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Student Blog: Please Stop Dancing Until You Drop

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Taking breaks helps us progress as artists and can do more good than bad

Student Blog: Please Stop Dancing Until You Drop

"Miss one dance class you will notice, miss two classes your teacher will notice, and miss three classes the audience will notice."

This was a phrase that was repeatedly drilled into my mind growing up as a ballet dancer. Missing class or taking a break was severely frowned upon and when I say taking breaks was severely frowned upon I don't mean taking breaks from dancing during rehearsal to get water or such. I mean taking breaks from dancing for two or sometimes three weeks at a time.

The idea of packing every moment of your spring, summer, and winter breaks with workshops and intensives is often promoted to young artists in an effort to encourage them to be the best and to be constantly bettering their artistry and technique, but what we don't seem to realize is how this in reality romanticizes overworking yourself and ultimately causes burnout. In other words if you aren't dancing every minute you possibly can, you aren't doing enough to stay in shape and be the best you can be.

Throughout the formative years of my dance training my summers were filled with many dance classes through my studio and in addition to our own required five week studio intensive we were also encouraged to dance at other places. When we were supposed to be on a break there were always 'stay-in-shape' classes offered that were, I guess you could say, an unspoken requirement, so it wasn't actually a break. It wasn't until I attended UC Irvine as a dance performance major that I not only had real breaks, but taking breaks was encouraged.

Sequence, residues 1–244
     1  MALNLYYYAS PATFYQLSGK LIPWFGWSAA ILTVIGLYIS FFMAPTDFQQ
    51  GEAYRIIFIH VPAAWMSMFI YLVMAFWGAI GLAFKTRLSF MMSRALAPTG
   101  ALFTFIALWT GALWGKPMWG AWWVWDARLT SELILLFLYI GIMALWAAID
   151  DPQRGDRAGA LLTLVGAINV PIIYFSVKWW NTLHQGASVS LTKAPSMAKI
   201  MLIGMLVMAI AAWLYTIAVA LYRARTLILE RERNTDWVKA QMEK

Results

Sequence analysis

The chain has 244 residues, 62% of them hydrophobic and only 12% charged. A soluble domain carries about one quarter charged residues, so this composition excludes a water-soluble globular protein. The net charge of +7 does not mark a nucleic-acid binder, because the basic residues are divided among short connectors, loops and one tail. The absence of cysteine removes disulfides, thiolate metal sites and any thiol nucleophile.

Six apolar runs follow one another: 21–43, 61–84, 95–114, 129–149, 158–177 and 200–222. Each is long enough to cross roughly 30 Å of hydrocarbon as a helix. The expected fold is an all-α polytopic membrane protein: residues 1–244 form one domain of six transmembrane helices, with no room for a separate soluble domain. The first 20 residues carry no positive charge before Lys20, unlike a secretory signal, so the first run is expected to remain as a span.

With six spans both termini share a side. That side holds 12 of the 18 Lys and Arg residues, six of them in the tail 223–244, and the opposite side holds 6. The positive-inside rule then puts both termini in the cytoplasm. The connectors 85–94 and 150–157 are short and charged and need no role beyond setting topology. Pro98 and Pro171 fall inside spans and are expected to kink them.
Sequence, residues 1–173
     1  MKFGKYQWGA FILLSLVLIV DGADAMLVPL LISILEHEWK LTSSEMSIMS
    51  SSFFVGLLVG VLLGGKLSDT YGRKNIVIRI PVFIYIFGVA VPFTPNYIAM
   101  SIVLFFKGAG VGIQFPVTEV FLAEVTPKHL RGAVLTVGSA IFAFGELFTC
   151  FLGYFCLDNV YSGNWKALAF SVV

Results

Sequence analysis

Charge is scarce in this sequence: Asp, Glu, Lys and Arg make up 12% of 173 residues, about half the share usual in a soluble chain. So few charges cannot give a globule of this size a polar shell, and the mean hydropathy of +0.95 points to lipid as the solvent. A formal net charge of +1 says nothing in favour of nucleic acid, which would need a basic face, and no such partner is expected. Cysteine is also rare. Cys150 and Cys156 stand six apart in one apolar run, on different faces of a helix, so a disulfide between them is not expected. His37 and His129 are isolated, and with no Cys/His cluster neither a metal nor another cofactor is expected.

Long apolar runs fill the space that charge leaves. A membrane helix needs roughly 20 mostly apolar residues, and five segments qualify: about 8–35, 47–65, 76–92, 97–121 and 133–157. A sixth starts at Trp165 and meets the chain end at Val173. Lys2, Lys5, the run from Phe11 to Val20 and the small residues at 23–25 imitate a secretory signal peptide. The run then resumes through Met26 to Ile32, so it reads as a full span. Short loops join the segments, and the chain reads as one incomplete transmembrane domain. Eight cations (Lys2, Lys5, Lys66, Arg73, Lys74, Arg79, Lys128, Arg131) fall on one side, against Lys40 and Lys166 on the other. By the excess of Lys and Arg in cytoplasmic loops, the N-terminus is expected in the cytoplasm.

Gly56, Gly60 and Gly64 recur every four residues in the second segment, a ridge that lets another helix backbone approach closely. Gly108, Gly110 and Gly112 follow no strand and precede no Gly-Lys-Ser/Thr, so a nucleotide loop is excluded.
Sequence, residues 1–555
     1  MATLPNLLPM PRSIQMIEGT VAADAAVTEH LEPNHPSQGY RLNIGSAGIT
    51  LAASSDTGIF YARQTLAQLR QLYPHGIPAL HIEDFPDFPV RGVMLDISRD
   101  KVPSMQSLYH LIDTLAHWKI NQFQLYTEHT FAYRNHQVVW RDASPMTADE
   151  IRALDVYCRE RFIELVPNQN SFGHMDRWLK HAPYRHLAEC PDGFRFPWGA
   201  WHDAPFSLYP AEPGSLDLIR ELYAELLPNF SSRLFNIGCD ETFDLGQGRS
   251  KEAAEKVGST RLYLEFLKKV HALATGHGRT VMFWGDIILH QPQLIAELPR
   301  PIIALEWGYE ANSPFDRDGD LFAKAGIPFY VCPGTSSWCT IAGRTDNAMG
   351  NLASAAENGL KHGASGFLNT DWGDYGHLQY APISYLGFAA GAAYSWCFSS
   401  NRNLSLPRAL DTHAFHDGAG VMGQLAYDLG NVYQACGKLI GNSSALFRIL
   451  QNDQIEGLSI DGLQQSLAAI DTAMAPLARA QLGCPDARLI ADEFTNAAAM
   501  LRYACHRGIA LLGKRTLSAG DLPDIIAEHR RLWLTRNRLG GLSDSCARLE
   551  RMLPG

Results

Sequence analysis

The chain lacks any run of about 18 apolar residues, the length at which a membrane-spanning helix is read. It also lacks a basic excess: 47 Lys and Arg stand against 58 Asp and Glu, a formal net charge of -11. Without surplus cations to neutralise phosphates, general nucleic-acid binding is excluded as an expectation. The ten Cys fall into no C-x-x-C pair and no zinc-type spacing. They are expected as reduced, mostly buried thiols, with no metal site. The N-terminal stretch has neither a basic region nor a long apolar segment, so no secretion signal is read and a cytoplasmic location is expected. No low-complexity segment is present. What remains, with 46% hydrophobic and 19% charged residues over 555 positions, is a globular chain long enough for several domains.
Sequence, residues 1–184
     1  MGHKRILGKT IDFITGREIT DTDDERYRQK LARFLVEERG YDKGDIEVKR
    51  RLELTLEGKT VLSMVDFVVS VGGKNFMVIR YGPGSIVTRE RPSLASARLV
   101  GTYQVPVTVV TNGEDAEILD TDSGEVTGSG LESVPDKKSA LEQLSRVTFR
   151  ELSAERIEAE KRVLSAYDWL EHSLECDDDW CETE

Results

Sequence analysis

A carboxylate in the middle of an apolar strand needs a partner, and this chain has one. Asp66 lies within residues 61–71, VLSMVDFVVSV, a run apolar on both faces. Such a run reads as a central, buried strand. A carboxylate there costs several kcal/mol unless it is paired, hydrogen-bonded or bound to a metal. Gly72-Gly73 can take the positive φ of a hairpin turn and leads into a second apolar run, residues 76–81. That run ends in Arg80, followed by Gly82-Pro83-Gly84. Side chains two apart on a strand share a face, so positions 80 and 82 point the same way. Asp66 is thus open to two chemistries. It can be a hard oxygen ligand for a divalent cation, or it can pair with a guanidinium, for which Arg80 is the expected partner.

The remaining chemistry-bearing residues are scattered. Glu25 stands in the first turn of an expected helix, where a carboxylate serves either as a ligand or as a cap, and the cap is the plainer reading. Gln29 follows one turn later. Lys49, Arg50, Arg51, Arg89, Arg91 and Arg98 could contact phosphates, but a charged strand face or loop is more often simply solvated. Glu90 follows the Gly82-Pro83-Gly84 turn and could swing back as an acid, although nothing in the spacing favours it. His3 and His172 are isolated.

Now don't get me wrong, I absolutely think attending dance programs during breaks are a phenomenal way to grow yourself as a dancer and as an artist especially outside of your normal class routine, but just know that allowing yourself a break is ok too. As dancers we put our bodies through endless hard work and feel guilty for resting our bodies even at the slightest. We glorify working ourselves until we burnout and at times find ourselves flexing the fact that we haven't taken a break in months, forget to eat, sleep the least, or that we have the craziest schedule out of all of our peers, sometimes myself included.

But why is this facade of dancing until you drop so idealized in the dance community? The idea that if you aren't absolutely dead inside and not caring for yourself at all you aren't doing enough? We are essentially romanticizing a level of burnout that makes you contemplate if you should still be pursuing dance and no one should ever get to that point because that's when the flame has gone out and your passion for dancing has died.

Everyone needs a break sometime. Your body and mind need to heal after a heavy season, after a hard quarter in college, or after you've finished a competition or a show. And I'm not talking about a one day break or even a weekend, I'm talking about taking more than a week or 2 away from dance and the studio for yourself. Taking time to reset and rest won't make you lose every ounce of technique you possess. Will you feel the break after your first class back? Of course, but you will be right back where you were in a couple of weeks with the dedication and drive every dancer has.

We need to encourage dancers to take breaks and create a culture where self care is praised as well as taking well deserved breaks when needed. I promise you will be a lot happier, healthier and a stronger, more mindful dancer when you listen to your body and give it what it needs.


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From This Author Student Blogger: Claire Desenberg